Barbie dolls have been linked to body insecurities in young children especially girls but it is also a doll that has inspired a lot of kids to pursue careers most often pursued by males.
Barbie has been an astronaut in 60s when the first man landed on the moon, a gold Olympic skier in the 70s, a rock star in the 80s and was in multiple military branches in the 90s.
She has also dabbled in professional sports, joined the corporate world, became a scientist and also a palaeontologist. Barbie was a computer programmer and video developer too. All in all she has over 200 careers in her lifetime!
The accuracy of Barbie and her accessories as a robotics engineer is ensured by Cynthia Breazeal, an associate professor of media arts and sciences at MIT and founder of the social robot company Jibo, Inc.
Breazeal also hopes Robotics Engineer Barbie introduces girls to artificial intelligence and encourages them to learn more about robotics and engineering. Girls playing with the dolls can imagine Barbie programming the robot to do chores, homework and maybe even save the world.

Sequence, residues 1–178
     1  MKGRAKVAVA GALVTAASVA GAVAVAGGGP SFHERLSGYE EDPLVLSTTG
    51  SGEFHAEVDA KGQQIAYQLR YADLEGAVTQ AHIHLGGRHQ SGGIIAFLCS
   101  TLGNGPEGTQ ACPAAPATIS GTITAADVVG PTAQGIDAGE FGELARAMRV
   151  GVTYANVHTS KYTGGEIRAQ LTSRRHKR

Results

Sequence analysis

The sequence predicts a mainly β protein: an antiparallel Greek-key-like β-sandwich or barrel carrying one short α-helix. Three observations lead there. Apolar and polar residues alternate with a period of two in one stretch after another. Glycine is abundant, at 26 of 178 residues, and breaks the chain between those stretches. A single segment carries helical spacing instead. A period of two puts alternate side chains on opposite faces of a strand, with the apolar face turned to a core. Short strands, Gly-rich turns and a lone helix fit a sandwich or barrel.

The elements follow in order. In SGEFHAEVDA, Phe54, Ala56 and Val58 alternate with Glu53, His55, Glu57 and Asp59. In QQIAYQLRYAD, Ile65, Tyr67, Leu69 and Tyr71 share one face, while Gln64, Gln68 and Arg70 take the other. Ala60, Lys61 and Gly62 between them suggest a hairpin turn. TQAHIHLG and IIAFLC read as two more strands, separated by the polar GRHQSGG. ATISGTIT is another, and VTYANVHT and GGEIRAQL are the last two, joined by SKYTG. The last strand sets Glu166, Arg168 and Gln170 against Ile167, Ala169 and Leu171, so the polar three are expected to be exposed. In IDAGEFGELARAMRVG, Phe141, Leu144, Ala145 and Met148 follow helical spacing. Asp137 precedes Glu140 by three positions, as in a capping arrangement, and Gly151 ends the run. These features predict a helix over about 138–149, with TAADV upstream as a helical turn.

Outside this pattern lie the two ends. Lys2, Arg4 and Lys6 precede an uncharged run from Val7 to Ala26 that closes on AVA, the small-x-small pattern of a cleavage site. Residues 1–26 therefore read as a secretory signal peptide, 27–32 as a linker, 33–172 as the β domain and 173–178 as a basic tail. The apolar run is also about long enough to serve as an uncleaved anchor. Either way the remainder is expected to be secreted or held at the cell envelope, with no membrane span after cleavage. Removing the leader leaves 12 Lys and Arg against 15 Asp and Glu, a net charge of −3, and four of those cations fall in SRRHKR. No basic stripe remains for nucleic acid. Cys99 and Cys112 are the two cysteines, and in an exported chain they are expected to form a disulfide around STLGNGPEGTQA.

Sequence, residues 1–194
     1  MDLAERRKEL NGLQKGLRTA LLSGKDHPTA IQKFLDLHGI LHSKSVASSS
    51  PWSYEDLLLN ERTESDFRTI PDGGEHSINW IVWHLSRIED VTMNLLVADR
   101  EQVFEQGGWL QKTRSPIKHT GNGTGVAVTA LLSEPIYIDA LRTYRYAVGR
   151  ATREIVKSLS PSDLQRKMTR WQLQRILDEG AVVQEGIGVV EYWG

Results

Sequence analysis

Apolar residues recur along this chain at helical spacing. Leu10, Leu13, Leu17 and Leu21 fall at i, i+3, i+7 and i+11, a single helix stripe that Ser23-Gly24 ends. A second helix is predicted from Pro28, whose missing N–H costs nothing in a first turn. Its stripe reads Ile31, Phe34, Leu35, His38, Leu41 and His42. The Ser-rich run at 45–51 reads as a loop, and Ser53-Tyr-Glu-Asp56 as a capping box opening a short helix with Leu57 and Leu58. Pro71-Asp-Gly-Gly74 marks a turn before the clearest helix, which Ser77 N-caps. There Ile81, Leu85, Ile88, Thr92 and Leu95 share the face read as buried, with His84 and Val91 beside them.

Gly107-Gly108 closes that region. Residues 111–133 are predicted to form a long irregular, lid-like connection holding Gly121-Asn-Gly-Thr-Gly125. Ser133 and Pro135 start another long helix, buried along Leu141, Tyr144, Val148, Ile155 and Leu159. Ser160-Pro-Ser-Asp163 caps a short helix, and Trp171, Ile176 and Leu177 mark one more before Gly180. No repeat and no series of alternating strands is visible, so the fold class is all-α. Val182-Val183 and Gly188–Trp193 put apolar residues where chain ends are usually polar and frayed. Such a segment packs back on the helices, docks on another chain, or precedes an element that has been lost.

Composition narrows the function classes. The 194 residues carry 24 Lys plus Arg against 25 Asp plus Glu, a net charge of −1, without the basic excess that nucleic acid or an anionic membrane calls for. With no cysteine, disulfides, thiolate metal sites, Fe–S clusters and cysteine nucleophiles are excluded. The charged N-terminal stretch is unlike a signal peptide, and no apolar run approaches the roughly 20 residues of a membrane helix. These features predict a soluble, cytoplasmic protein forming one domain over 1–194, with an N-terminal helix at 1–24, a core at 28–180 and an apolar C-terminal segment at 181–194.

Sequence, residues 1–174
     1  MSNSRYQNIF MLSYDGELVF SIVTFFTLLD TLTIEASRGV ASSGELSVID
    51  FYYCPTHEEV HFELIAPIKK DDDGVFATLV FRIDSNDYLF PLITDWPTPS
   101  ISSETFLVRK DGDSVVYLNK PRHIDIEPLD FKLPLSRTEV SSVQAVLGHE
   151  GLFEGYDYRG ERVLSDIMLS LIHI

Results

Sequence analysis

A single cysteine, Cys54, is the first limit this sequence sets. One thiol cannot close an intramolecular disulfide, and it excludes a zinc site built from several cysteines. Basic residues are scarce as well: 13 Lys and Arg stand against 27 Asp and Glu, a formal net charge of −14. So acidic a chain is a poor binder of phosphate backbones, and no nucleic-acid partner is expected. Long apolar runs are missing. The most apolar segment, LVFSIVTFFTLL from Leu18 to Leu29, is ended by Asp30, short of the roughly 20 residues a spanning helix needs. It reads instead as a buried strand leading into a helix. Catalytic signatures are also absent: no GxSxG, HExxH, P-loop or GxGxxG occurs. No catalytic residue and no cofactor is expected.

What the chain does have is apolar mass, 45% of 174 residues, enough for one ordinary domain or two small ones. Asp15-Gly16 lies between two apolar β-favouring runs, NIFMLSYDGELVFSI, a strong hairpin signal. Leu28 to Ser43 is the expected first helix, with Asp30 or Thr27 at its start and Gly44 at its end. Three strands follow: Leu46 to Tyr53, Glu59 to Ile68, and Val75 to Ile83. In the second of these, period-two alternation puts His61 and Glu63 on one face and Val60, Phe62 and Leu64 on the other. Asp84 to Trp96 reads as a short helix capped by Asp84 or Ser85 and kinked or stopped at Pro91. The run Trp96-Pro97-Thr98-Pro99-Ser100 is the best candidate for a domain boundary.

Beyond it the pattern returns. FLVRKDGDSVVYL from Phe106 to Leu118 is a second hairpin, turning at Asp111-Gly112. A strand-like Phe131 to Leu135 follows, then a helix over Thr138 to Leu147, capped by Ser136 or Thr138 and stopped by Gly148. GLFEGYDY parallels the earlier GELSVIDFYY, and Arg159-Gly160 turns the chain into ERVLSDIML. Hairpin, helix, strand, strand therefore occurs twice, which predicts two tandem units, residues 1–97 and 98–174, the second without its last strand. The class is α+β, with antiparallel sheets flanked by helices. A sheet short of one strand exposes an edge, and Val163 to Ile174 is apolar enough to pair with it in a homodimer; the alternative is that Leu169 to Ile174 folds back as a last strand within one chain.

Mattel has partnered with Tynker to create free coding lessons starring Robotic Engineer Barbie to encourage young kids to learn to code.
The latest Tynker Hour of Code tutorial teaches kids how to animate a robot on the screen by using drag-and-drop commands. It is designed to be used by kindergarteners too!
There is also an e-book workbook called Code Camp for Barbie and Friends. The workbook goes over concepts of computer programming by relating coding to everyday life and problem-solving in various careers.
This workbook is an improvement from Mattel’s previous 2010 picture book “I Can Be A Computer Engineer” where Barbie said she needs boys to code and fix her computer from a virus. The company has since apologized when parents were outraged.
Girls need more role models. Let’s inspire the next generation to see themselves in careers underrepresented by women. By encouraging more girls to explore STEM with Robotics Engineer #Barbie, we show them that they can be anything. https://t.co/kRIQ50Ox4Y #YouCanBeAnything pic.twitter.com/aqHFYqDQ6r
— Barbie (@Barbie) June 26, 2018
Other than consulting with Breazeal to make Robotics Engineer Barbie, the debut of the doll is received well by Kimberley Bryant, an electrical engineer and founder of Black Girls Code.
Black Girls Code is a nonprofit organization that has received a grant from Barbie to help reach girls interested in the industry.
“I’m excited because [the doll] allows our girls to imagine a future that I didn’t have at their age,” says Kimberly Bryant.
Feature image from People